Forget that it was Kool Herc, the Jamaican, who took Jamaica’s Dancehall style to the Bronx to create Hip-Hop. Forget that the purest dancehall aficionados do not like the fact that most of the dancehall artists coming out of Jamaica today are sounding more like American rappers. Forget that dancehall and hip-hop has had more collaborations together than probably any other two genres of music.
Let’s just look at both musical genres as what they are and what makes them special. All the things that make dancehall and hip-hop unique and different from other genres of music, are the ae things that make dancehall and hip-hop similar to each other.
Apart from reggae music, the mother of dancehall, there is no other genre of music that comes even close to dancehall and hip-hop in the fight against injustice. Whether it is KRS-ONE or Capleton, Nas or Sizzla, Chuck D of Public Enemy or Anthony B; dancehall and hip-hop have always been a voice for the voiceless. Vybz Kartel says, “we come from the Garrison”, Nas says he from Queensbridge Projects, Jay Z says he is from Marcy hood, while Bounty Killer says he is from “down inna di ghetto”; just different words to represent the exact same environments in the home of hip-hop and dancehall.
Have you ever been enjoying a song and then by the end of the song you say to yourself, “damn, I was just listening to a three minute commercial but I enjoyed it”? If that has ever happened to you, chances are you were either listening to reggae or hip-hop. Just think about songs like Busta Rhymes “Pass the Courvoisier” or Vybz Kartel’s “Clarks”. Those songs are actually commercials like many other songs from the genres. Now, I have heard other genres of music with product placements within a song, but never an entire song dedicated to a product. That is something completely unique to dancehall and hip hop.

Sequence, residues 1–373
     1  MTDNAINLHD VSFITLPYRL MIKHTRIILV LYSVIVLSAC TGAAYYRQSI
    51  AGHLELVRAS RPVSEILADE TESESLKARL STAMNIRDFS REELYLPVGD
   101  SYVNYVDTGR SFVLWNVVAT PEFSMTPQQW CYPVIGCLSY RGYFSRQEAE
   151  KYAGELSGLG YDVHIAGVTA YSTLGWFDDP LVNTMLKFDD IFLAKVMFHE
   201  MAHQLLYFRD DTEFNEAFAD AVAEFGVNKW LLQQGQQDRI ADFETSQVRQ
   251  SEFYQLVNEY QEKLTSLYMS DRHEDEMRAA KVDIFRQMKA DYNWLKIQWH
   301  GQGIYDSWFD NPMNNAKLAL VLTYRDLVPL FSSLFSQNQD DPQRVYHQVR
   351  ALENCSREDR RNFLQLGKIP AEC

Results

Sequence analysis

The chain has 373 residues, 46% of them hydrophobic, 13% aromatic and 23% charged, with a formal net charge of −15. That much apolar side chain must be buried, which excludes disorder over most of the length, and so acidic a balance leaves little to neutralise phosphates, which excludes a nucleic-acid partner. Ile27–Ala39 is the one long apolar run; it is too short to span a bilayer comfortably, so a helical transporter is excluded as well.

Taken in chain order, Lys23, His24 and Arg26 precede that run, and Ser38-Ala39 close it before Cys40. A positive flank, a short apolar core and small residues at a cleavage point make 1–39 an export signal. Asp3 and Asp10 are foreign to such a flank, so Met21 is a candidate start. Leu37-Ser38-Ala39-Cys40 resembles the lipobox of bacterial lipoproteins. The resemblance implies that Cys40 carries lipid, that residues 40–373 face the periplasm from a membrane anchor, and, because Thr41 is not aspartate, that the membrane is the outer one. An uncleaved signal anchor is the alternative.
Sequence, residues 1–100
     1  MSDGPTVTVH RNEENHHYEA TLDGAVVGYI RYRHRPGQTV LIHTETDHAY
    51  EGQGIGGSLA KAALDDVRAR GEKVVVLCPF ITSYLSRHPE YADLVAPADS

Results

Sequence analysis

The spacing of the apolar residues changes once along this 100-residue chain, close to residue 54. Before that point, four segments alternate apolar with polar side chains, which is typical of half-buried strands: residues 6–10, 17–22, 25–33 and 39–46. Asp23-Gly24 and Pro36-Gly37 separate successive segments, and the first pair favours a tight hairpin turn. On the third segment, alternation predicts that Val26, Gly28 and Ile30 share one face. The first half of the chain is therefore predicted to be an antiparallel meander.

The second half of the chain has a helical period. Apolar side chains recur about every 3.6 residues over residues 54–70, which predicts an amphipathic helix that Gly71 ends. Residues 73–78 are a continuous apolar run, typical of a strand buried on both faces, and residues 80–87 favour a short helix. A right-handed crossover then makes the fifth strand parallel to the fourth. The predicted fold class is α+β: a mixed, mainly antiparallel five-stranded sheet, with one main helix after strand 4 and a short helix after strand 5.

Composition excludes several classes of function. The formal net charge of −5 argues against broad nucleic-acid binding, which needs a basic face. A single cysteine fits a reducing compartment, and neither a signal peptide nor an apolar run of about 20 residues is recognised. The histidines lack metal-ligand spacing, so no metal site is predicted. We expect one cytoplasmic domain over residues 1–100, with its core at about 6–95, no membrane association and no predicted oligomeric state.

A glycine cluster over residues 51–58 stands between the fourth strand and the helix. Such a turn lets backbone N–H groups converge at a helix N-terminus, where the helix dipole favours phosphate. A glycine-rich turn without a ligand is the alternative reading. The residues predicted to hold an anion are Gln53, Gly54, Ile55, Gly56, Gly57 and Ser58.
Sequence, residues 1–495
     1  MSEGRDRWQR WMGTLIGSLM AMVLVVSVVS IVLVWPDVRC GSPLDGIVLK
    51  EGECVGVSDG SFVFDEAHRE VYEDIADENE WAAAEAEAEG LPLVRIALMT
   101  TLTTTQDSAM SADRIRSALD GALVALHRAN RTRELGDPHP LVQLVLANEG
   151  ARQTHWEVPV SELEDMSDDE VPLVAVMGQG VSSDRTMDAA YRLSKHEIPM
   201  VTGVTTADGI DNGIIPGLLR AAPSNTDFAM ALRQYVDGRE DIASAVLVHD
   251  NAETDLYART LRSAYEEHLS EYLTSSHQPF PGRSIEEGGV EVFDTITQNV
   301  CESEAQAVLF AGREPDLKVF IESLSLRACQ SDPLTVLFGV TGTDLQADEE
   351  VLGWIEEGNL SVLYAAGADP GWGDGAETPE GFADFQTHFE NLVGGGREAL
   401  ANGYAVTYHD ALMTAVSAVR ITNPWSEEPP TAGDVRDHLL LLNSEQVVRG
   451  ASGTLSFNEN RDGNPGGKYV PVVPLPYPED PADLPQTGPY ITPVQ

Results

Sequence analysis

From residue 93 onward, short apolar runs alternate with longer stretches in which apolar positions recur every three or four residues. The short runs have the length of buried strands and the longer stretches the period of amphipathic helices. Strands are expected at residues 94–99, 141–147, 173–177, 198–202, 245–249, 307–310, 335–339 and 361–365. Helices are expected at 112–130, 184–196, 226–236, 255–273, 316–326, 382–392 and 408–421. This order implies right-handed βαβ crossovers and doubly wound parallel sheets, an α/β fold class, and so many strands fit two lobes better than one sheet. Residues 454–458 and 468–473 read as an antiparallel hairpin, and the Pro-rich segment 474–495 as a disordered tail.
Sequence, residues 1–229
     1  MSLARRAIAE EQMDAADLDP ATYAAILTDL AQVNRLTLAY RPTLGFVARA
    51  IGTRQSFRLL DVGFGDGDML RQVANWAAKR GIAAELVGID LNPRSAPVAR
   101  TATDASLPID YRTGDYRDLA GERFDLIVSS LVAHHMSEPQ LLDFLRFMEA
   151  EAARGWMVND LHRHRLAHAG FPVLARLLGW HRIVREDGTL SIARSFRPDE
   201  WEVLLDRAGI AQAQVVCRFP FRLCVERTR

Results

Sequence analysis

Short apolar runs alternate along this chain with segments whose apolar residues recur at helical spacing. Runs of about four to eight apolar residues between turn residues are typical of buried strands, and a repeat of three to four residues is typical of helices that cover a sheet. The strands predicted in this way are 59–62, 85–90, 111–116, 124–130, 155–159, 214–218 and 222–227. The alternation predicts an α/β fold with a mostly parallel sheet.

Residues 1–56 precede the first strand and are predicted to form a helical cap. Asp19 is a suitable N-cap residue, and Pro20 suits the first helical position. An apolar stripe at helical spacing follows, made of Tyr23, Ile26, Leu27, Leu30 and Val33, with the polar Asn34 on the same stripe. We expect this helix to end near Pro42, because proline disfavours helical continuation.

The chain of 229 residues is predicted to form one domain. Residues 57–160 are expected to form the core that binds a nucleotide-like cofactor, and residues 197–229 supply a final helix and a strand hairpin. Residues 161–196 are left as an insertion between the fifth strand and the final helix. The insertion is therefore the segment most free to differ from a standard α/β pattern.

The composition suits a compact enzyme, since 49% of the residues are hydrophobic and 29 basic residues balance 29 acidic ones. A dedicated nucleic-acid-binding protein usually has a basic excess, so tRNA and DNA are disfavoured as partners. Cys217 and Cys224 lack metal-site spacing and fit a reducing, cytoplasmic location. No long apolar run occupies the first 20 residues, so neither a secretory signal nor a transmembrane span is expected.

I have never seen in any other genre of music where artist had conflicts on records, on stage and even real life confrontations. When you think of Vybz Kartel leaving the alliance and starting an all-out lyrical assault against the remaining members it must remind people of Ice Cube leaving NWA and lyrically destroying Dr. Dre and the other members. Not to go off course, but, “No Vaseline” is probably the greatest dis song of all time whether by a dancehall or a reggae artist.
Bob Marley shot the sheriff and Eric Clapton follow suit and did the same. However, nowhere as more law enforcement officers been killed than in hip hop and dancehall. Not only does both genres kill the police, they also kills those who try to assist the police. The only difference is hip-hop call them “snitches” while dancehall call them “infawma”.
The parallels being hip hop and dancehall are endless and we could go on forever discussing them. It might be prudent for the die-hard fans of both genres to embrace and accept that the difference in the beats and the accents on the lyrical delivery were the only things separating dancehall and hip hop. Those lines are now beginning to blur, even more so as we become more global, pretty soon there will be nothing separating the two genres. As Melodic Yoza would say, “We Are One”. Even today, look at Melodic Yoza, how would you describe him? What box would you put him in? Is he hip hop or dancehall?
That is the future for hip hop and dancehall. It is what you hearing from artists like Melodic Yoza today. Hip Hop and Dancehall, one and the same.